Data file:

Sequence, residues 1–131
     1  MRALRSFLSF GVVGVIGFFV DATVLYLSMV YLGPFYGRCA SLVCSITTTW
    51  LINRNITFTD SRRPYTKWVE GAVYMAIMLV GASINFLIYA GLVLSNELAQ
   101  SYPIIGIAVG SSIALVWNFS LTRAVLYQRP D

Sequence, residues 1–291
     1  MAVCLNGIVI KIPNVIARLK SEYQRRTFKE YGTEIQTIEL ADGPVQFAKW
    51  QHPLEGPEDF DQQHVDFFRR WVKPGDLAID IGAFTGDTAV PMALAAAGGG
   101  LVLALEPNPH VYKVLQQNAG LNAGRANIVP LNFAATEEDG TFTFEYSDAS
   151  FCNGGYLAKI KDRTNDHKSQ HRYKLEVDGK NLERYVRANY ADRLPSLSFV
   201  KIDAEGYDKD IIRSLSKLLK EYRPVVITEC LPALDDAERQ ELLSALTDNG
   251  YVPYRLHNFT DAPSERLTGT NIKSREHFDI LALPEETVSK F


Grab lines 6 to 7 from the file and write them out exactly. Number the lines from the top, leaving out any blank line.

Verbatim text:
     1  MAVCLNGIVI KIPNVIARLK SEYQRRTFKE YGTEIQTIEL ADGPVQFAKW
    51  QHPLEGPEDF DQQHVDFFRR WVKPGDLAID IGAFTGDTAV PMALAAAGGG